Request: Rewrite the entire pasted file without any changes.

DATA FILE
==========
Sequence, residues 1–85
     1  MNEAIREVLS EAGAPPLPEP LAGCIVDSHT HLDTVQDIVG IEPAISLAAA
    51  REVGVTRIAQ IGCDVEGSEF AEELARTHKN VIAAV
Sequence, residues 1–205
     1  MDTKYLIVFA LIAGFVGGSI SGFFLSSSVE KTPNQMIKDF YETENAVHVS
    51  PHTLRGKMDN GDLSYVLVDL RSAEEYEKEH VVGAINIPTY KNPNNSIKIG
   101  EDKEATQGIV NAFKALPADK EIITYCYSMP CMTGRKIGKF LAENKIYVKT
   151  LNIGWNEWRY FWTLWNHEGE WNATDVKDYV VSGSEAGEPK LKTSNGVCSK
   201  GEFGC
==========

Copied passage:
Sequence, residues 1–85
     1  MNEAIREVLS EAGAPPLPEP LAGCIVDSHT HLDTVQDIVG IEPAISLAAA
    51  REVGVTRIAQ IGCDVEGSEF AEELARTHKN VIAAV
Sequence, residues 1–205
     1  MDTKYLIVFA LIAGFVGGSI SGFFLSSSVE KTPNQMIKDF YETENAVHVS
    51  PHTLRGKMDN GDLSYVLVDL RSAEEYEKEH VVGAINIPTY KNPNNSIKIG
   101  EDKEATQGIV NAFKALPADK EIITYCYSMP CMTGRKIGKF LAENKIYVKT
   151  LNIGWNEWRY FWTLWNHEGE WNATDVKDYV VSGSEAGEPK LKTSNGVCSK
   201  GEFGC